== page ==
Last year, Lonnie Bands from Detroit's BandGang released KOD, one of 2019's remarkable rap albums. A track on this project was "Detroit to Inglewood", a very strong posse cut underlining the many connections between the Midwest and Californian scenes, featuring people like Drego & Beno, and, on the West Coast side of the guest list, Ice Burgandy. It was nice hearing him again, considering that the only recent news about him related to the sordid death of his old friend Rosemo, after a beef with the rappers The Game and Boskoe. Apart from this, this Bloods affiliate appeared to have dropped rap for a good reason: he earned no revenue from it. But then he resurfaced, exactly as before, far away from his Californian base in Inglewood.
Ice Burgandy, indeed, had previously been an affiliate to Atlanta's 1017 Brick Squad collective. In 2012, he even released one of the many anthological mixtapes recorded by Gucci Mane's band, a project named Progress Involves Risk Unfortunately. The guy in that group he was the closest to, actually, was Waka Flocka Flame. He was enrolled by him into his Brick Squad Monopoly subdivision, along with some other local rappers, after a trip the guy had made to California. He had featured on "Homies", one of Flockavelli's tracks, and Waka Flocka was very visible on his own mixtapes. On Progress Involves Risk Unfortunately, however, the man from Inglewood was unquestionably the main star, along with Purps from the 808 Mafia, who produced all of the mixtape, except for contributions from Southside and Lex Luger.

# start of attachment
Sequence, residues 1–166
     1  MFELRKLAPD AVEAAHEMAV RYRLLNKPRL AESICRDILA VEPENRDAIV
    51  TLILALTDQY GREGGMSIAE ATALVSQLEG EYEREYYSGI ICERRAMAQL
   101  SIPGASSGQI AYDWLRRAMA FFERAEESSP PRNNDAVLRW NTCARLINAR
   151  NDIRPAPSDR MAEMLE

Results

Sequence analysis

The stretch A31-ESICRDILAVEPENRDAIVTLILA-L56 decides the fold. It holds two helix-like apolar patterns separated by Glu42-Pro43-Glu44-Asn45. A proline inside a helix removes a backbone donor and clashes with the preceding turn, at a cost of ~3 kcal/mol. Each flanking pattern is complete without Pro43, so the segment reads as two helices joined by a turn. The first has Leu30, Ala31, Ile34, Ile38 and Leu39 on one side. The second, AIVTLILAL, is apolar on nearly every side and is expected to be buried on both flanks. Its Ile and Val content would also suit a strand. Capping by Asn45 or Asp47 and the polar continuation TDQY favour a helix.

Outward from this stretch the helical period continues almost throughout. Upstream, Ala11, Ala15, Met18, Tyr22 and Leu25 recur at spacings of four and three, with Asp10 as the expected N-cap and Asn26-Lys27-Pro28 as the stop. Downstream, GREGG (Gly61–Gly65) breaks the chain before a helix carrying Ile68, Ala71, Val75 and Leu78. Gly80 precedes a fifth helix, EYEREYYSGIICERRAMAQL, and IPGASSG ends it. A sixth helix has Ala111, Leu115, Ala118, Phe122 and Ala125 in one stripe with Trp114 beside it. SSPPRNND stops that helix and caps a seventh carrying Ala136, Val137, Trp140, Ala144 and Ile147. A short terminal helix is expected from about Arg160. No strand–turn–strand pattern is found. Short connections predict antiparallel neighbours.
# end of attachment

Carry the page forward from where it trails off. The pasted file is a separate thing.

The main subject matters were those expected from a Brick Squad folk. It was all about drug stories, told from the dealer or the consumer perspective. And in addition to these, the rapper had a few lyrics about cars, money, clubs, and girls. Ice Burgandy's, though, imported from California a laid-back attitude, and better lyrical skills than most of his Atlanta peers. Also, except for the dispensable "My Benz", a track produced by Lex Luger and featuring Waka Flocka, he didn't limit himself to the devastating bangers these two were famous for. Some songs were relentless, like the gang anthem "Right Side Hangin", the pack celebration "Northside Rose Mo" – one of Southside's contribution –, the proud "Troublesome", or "Warrents". But others were slower and more insidious, like the melancholic "Death around the Corner", or the dealers' song "PMBB", probably the highlight on the mixtape with its screwed hooks, in case one needs to be identified on this remarkably strong and homogeneous release.